and furthermore a residual amount of up to about 20.5% of MnO2 and/or Fe2O3 and/or Co2O3 and/or CuO and/or CeO2.
This alternative makes available the softest material relative to the two other alternatives. Lifetimes of up to 15 years are likewise expected. Because of the relative softness of the material, it is preferably provided that the other joint part, on which the first joint part rolls and/or slides, has a sliding partner made of a ceramic, which is harder than the glass-ceramic composite mixture of the abovementioned composition. In this case, a composite ceramic is particularly preferred for the sliding partner, which is known, for example, from European Patent EP 0 502 082 C. Alternatively, a sliding partner made of polyethylene can be used for this purpose in the second joint part. The thus constructed joint endoprosthesis may be designated as the standard endoprosthesis, which is implanted into the average patient. Likewise, it has a longer lifetime than the known joint endoprostheses made with the pairings of metal against metal, metal against polyethylene, ceramic against polyethylene, etc., with a strength of the components which is clearly higher than with ceramic components in particular.
It is particularly preferred if the metallic cores of the joint parts comprise a cobalt-chromium-molybdenum alloy. Namely, it has been found that the adhesion strengths of the coatings to this metal are extremely high, so that damage to the coating, for example spalling, is highly improbable.
In all of the embodiments it is preferred that the thickness of the coating be about 200 μm to 600 μm. With an average abrasion of about 5 μm to 8 μm per year, extremely long lifetimes result, which are difficult to attain with material pairings according to the prior art.
The glass ceramic composite mixtures for forming the coatings of the invention are prepared by mixing the components of the composition, i.e., the various oxides which form the coating. The method of mixing is not critical and may be carried out by a variety of methods, which are known in the art per se, for forming glass ceramic coatings. Preferably, the oxide components in the form of powders or other fine particulates are mixed in a suitable binder, vehicle or carrier to form a slurry of the oxide particles.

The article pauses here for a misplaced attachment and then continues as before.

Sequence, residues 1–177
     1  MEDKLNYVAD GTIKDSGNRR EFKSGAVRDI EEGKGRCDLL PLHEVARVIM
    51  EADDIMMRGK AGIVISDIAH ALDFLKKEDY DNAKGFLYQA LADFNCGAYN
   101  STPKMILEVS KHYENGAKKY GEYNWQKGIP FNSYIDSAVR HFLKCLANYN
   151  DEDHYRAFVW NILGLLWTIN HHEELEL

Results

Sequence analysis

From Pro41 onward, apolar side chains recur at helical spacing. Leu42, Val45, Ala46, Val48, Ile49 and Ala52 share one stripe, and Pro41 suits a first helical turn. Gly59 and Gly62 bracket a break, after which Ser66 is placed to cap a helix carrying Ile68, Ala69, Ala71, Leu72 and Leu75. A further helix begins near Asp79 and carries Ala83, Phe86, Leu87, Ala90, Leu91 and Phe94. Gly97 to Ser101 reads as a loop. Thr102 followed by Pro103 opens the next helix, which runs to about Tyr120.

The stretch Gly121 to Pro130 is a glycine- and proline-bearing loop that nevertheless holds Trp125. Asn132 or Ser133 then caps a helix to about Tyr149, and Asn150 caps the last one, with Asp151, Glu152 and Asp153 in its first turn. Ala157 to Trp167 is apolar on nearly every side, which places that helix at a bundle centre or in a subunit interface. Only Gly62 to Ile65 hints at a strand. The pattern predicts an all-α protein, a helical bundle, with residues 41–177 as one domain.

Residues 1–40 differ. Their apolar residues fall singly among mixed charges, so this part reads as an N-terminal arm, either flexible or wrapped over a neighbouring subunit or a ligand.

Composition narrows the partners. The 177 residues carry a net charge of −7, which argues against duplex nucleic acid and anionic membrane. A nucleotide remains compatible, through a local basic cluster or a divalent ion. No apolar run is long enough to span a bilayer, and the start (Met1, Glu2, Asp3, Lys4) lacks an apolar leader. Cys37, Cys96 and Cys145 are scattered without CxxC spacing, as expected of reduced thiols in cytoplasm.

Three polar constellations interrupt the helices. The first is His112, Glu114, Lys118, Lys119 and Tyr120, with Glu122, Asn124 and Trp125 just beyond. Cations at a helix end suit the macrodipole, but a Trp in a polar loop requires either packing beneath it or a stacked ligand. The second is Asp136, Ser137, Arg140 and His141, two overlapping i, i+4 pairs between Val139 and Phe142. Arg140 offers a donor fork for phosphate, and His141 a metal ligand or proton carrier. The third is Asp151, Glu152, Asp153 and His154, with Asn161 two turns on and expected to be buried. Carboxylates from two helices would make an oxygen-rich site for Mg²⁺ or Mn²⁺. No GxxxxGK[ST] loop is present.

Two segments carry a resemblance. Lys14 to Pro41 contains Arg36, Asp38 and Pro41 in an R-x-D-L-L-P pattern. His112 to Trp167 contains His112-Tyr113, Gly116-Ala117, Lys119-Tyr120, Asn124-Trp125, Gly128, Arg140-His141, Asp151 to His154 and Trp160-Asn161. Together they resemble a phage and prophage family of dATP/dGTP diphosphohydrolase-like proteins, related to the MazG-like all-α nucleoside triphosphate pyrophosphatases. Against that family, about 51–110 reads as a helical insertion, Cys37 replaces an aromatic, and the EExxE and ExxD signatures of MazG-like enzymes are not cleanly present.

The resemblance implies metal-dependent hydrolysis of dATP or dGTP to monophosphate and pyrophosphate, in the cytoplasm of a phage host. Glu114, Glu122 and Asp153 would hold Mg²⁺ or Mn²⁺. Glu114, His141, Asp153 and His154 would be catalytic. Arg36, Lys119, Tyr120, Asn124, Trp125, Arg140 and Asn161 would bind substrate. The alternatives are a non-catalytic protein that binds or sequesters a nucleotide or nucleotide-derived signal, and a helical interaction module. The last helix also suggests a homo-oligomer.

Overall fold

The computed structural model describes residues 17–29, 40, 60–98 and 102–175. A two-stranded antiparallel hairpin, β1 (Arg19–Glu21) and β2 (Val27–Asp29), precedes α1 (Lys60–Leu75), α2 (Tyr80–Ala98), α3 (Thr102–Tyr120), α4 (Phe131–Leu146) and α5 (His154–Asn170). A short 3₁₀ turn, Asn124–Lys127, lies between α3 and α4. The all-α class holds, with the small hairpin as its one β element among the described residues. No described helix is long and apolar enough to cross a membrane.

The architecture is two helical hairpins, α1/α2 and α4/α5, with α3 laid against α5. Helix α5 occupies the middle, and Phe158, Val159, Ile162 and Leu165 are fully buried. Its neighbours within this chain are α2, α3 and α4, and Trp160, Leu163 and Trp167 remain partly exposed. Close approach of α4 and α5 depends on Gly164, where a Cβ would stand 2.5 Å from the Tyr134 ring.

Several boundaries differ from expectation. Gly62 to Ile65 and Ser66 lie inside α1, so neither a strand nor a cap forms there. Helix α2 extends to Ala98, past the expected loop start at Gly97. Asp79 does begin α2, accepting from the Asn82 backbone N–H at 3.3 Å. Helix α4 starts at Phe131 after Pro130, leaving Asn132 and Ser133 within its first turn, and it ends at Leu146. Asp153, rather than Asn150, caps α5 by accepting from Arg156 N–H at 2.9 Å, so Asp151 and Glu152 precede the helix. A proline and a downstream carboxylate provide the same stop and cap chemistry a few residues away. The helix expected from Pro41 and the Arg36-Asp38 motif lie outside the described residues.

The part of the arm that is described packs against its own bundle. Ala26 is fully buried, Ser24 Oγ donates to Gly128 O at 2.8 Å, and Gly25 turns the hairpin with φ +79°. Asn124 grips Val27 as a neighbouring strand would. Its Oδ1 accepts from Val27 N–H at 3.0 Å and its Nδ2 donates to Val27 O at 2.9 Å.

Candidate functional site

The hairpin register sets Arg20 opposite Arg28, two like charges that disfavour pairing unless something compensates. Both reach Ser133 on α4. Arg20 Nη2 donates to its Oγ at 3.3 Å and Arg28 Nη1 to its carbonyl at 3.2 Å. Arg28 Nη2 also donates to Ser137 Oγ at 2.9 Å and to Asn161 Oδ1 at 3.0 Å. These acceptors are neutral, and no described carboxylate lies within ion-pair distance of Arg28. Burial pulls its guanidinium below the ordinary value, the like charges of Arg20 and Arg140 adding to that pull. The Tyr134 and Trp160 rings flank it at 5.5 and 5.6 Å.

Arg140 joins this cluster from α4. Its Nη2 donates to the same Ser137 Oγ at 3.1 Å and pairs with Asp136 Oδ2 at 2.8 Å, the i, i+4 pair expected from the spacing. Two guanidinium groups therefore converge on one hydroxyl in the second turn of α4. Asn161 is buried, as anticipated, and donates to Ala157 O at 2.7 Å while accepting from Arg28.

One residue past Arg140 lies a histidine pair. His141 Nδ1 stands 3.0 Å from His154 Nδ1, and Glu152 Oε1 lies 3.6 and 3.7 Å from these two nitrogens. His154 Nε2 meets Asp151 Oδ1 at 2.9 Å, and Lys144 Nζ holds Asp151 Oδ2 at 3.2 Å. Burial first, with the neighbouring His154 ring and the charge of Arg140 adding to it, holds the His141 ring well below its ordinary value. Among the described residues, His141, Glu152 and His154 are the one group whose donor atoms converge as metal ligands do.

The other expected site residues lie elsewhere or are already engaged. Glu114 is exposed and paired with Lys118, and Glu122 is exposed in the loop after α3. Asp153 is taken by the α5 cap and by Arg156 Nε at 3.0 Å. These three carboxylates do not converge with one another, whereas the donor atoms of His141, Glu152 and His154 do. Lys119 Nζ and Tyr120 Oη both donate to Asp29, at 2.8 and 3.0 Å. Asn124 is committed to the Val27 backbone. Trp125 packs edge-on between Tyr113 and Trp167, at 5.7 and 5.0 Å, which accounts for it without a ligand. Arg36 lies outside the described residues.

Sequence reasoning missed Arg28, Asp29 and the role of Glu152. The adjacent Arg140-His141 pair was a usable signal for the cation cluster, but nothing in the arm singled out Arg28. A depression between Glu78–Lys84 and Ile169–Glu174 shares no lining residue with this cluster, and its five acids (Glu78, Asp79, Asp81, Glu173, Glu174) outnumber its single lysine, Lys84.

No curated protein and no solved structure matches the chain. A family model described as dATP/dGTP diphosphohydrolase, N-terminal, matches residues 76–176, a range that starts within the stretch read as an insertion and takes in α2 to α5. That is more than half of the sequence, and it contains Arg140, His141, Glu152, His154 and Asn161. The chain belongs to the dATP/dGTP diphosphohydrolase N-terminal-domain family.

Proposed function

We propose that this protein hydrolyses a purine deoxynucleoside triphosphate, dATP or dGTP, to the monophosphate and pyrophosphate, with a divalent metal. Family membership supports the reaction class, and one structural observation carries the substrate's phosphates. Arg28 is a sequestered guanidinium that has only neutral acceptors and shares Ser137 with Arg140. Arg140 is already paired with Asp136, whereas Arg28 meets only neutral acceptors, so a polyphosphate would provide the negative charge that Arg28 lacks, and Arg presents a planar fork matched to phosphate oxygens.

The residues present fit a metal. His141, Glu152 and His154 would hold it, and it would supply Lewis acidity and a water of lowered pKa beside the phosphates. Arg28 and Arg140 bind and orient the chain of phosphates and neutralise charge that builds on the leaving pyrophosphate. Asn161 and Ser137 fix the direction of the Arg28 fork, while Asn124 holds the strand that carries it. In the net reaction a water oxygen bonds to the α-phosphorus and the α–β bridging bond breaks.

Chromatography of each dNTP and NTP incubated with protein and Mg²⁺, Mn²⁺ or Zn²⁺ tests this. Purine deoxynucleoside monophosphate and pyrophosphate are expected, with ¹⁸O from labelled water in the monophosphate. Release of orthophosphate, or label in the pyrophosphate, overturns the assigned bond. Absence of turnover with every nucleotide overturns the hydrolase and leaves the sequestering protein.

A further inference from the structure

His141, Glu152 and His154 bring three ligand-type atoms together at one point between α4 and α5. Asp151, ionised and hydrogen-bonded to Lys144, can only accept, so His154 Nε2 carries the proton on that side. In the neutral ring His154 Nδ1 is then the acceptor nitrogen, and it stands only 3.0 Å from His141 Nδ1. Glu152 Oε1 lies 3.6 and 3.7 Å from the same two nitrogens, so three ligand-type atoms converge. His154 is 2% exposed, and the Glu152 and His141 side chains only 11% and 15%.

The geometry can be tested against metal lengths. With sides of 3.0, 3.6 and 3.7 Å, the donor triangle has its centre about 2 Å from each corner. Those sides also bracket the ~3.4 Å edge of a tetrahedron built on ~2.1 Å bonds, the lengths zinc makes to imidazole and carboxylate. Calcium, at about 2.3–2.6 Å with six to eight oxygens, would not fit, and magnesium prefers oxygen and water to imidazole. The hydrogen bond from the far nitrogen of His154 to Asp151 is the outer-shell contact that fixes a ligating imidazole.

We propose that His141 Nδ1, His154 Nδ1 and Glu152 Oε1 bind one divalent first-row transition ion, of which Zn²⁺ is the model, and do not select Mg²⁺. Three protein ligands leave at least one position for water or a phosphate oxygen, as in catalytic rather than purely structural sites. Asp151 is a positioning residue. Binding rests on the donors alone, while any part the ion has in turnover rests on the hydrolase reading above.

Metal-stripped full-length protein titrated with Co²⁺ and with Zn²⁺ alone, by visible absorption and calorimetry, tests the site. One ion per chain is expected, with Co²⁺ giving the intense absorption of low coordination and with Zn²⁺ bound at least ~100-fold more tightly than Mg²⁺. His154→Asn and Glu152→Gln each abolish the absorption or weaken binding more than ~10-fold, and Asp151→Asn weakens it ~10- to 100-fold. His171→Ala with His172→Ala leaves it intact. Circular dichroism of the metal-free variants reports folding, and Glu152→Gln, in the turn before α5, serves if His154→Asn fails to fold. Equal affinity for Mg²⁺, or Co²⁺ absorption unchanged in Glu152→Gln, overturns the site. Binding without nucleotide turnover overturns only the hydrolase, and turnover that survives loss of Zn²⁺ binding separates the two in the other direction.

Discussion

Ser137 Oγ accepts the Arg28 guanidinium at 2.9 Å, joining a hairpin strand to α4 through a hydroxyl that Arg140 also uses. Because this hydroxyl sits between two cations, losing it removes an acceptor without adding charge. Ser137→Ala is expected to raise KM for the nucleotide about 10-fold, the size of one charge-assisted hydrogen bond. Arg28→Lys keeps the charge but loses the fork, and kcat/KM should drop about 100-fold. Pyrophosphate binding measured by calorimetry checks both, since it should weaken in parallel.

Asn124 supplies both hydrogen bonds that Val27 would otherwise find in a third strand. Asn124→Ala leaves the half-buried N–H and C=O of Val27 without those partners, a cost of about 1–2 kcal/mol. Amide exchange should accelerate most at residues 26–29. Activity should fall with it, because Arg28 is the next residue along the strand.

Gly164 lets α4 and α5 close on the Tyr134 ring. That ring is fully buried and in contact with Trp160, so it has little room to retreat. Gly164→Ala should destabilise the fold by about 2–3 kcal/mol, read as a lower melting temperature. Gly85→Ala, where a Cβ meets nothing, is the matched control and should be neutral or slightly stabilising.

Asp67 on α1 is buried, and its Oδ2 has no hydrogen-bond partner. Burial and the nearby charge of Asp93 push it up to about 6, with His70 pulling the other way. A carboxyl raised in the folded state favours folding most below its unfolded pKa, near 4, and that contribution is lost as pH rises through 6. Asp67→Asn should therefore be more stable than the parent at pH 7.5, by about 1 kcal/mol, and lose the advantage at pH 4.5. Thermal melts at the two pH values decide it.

The slurry may then be applied to the joint part or parts to be coated, for example by spraying the slurry onto the joint part or by dipping or immersing the joint part in the slurry. Next the coating is dried, for example by heating to evaporate the vehicle or carrier. Finally, the coated surface is further heated to fire the mixed oxide coating, so that the oxide particles are baked or sintered together on the surface of the joint part or the binder is cured, for example, depending on the particular method selected to set the coating to form a glass ceramic composite and adhere the composite to the surface and to each other.
Examples of uses of the coatings of the invention are shown in the drawings. In
It will be appreciated by those skilled in the art that changes could be made to the embodiments described above without departing from the broad inventive concept thereof. It is understood, therefore, that this invention is not limited to the particular embodiments disclosed, but it is intended to cover modifications within the spirit and scope of the present invention as defined by the appended claims.
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|CH681423A5||Title not available|
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|Citing Patent||Filing date||Publication date||Applicant||Title|
|US8105374 *||May 31, 2006||Jan 31, 2012||Axetis Ag||Vascular stents|
|US8911857||Jan 31, 2012||Dec 16, 2014||Axetis Ag||Vascular stents|
|US20070100438 *||May 31, 2006||May 3, 2007||Carlo Civelli||Vascular stents|
|U.S. Classification||623/23.56, 623/23.36, 428/472, 623/18.11, 623/23.57|
|International Classification||B32B15/04, C03C8/12, A61L27/04, A61L27/30, A61F2/30, A61L27/00, A61F2/28|
|Cooperative Classification||A61L2430/24, A61L27/047, A61L27/306|
|European Classification||A61L27/30R, A61L27/04R|
|Dec 27, 2004||AS||Assignment|
Owner name: ESKA IMPLANTS GMBH & CO., GERMANY
Free format text: ASSIGNMENT OF ASSIGNORS INTEREST;ASSIGNOR:GRUNDEI, HANS;REEL/FRAME:016098/0063
Effective date: 20041119
|Aug 20, 2009||FPAY||Fee payment|
Year of fee payment: 4
|Mar 28, 2012||AS||Assignment|
Owner name: ESKA ORTHODYNAMICS GMBH, GERMANY
Free format text: PURCHASE AGREEMENT;ASSIGNOR:ESKA IMPLANTS AG;REEL/FRAME:027950/0441
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Owner name: ESKA IMPLANTS AG, GERMANY
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|Mar 29, 2012||AS||Assignment|
Effective date: 20060515
Owner name: ESKA IMPLANTS GMBH & CO. KG, GERMANY
Free format text: CHANGE OF NAME;ASSIGNOR:ESKA IMPLANTS GMBH & CO.;REEL/FRAME:027954/0642
|Oct 11, 2013||REMI||Maintenance fee reminder mailed|
|Feb 28, 2014||LAPS||Lapse for failure to pay maintenance fees|
|Apr 22, 2014||FP||Expired due to failure to pay maintenance fee|
Effective date: 20140228